Wednesday, September 18, 2019
Inspiration

How to Overcome a Difficult Childhood | AIB

Childhood is not only the stage of life characterized by innocence; It is also one in which we are more delicate, more sensitive to psychological damage. This is not an unimportant detail, considering that there are many experiences or living conditions can be harmful to weak people.

The consequences of a complicated childhood can continue to be noticed when we have grown and entered adulthood. However, that does not mean that we should resign ourselves to it. As much as discomfort and anguish are unbearable at times, in most cases, it is possible to significantly improve the way in which we live with that past. To contribute to this, below we will see some guidelines for overcoming a difficult childhood, as well as a reflection on how we should face this task.

The emotional pain that comes from the past

Difficult Childhood

Some people talk about this feeling as if it were a kind of emotional hacking: the pain comes through the vulnerabilities of the past, although we believe that if we did not go through all that suffering today, we would be quite complete and capable of all without devoting much effort to this.

In other words, the traumatic events and the anguish experienced during our first years of life not only robbed us of childhood but also of adulthood. The trauma spot continually spreads as we try to flee into the future.

However, we do not have to be slaves of our past, even though this happened during childhood, the moment when we become aware of what the world is like. There is always a possible change, as we will see. You must bear in mind that each case is unique, and therefore, if you suffer for your past, it is best to seek the personalized treatment that psychologists can give you in your consultation. However, in the short term, you can use these tools that we offer below.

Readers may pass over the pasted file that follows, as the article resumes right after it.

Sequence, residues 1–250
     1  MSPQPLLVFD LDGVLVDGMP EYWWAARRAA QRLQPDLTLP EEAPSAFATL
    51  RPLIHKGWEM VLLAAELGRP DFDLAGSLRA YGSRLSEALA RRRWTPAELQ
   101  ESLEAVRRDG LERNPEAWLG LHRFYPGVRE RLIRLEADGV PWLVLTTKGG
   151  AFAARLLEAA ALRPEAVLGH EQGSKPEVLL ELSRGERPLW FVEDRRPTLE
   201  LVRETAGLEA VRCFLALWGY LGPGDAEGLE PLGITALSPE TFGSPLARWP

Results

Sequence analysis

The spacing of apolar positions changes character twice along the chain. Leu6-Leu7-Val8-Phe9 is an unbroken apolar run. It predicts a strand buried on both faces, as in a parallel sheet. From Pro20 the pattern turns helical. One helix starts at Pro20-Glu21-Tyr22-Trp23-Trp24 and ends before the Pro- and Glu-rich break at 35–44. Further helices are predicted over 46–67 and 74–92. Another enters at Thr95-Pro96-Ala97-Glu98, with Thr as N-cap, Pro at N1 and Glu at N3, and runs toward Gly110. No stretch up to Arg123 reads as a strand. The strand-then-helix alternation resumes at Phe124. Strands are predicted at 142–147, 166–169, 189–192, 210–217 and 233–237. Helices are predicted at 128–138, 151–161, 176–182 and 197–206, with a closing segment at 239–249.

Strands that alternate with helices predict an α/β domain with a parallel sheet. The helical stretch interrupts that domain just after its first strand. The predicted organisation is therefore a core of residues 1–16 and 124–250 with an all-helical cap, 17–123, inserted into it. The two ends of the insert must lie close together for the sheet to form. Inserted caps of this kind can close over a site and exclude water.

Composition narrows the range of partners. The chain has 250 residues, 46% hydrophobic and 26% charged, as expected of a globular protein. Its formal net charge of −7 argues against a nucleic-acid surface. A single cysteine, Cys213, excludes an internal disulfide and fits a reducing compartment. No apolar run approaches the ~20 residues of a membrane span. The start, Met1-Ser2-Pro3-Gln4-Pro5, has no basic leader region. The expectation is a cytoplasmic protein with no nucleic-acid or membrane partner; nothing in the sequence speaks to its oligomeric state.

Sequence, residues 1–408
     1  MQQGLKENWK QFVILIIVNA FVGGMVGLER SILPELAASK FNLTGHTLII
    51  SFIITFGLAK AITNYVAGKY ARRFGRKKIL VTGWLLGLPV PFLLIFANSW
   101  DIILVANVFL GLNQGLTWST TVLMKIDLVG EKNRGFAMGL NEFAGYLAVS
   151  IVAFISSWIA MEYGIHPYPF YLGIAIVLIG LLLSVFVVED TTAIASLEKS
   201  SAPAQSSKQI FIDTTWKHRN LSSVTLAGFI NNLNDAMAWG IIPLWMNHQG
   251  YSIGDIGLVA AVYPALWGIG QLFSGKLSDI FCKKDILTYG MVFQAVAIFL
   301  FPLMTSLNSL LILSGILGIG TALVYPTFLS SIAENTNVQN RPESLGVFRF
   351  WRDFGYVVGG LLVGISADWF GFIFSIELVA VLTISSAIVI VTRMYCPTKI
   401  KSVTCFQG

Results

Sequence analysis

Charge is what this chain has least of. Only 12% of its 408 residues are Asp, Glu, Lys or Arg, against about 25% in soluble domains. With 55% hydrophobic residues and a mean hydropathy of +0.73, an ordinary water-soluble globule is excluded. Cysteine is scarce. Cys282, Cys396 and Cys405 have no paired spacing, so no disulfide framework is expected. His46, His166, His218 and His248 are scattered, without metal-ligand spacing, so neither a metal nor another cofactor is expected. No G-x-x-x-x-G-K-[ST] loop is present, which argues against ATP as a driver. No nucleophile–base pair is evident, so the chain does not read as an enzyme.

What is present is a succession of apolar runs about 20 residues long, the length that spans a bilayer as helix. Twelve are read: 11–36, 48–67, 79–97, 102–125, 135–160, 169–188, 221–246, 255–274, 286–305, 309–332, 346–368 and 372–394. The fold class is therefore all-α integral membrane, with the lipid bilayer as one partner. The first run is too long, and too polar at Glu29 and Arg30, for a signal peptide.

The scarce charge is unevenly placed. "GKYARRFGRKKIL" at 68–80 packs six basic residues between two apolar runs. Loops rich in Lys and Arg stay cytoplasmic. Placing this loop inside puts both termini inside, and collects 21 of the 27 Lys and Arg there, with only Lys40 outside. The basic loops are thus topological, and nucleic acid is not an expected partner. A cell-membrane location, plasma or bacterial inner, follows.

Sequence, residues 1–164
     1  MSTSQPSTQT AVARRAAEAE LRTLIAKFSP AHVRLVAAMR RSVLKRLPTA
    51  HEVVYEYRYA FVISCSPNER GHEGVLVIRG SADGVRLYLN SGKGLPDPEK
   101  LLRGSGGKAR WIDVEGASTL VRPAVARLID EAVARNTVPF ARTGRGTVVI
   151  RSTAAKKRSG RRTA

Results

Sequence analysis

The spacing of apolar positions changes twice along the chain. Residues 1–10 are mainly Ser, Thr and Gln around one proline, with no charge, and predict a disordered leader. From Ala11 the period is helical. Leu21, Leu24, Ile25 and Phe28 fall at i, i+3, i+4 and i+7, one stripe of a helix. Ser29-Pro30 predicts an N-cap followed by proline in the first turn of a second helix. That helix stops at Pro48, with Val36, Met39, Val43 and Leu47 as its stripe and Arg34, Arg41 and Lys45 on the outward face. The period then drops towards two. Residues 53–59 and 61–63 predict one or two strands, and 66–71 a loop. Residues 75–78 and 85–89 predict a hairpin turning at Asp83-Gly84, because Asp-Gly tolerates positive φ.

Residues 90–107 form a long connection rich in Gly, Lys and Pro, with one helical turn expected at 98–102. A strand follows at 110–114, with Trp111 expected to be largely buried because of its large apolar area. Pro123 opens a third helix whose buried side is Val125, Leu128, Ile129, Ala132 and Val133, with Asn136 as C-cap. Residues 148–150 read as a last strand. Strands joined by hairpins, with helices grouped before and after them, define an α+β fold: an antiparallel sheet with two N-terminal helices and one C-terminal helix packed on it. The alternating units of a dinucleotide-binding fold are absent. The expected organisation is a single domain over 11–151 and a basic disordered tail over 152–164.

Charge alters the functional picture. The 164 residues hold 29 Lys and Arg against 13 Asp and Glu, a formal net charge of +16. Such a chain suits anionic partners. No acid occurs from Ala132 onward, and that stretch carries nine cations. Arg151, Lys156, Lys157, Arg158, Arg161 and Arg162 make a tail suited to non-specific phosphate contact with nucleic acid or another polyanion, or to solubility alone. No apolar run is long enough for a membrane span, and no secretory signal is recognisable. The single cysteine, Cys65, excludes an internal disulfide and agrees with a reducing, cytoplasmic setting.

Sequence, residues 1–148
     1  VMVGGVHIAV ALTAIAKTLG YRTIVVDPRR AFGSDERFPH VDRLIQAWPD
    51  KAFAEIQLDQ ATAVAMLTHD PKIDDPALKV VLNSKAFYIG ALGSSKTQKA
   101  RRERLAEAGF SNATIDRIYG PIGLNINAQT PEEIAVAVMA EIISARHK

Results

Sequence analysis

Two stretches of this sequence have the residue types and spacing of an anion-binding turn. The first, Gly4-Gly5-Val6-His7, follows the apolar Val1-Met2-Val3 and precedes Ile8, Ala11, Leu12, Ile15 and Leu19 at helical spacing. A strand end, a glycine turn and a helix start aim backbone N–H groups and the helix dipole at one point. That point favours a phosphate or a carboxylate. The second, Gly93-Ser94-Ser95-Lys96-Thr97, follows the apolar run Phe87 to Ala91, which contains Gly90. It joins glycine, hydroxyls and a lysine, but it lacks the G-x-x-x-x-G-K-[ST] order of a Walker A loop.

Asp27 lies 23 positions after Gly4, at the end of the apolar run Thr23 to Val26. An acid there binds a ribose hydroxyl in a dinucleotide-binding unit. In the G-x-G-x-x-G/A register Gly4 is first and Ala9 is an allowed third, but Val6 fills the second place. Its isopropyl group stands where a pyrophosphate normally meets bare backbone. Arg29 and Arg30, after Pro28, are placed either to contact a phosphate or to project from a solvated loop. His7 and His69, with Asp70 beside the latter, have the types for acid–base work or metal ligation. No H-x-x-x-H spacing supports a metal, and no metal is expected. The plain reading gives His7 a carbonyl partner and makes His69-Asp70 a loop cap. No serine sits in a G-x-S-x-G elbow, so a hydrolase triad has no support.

Difficult Childhood

1. Learn about the effects of psychological trauma

This is important since in most cases there is an excessively deterministic and skewed conception of trauma towards pessimism. It is true that traumas can contribute to adults having several problems of emotional management and regulation of care, but that does not mean that people who have had a difficult childhood systematically develop PTSD, or that this type of experience has to leave us necessarily marked

In fact, even in cases of severe violence and abuse in childhood, many people mature until they reach the stage of adulthood without significant mental problems and without an intelligence lower than expected.

What does this mean? That in many cases, people with a complicated past face states of discomfort generated by pessimistic life expectations and based on a problem that is not there. That is why when it comes to overcoming a difficult childhood it is necessary to be clear that all or a good part of that feeling of discomfort may arise from a fiction.

2. Change social circles

As far as possible, we must try to get away from people who in the past made us feel bad and who in the present have no intention of helping us. In this way, situations that remind us of traumatic events will appear less frequently.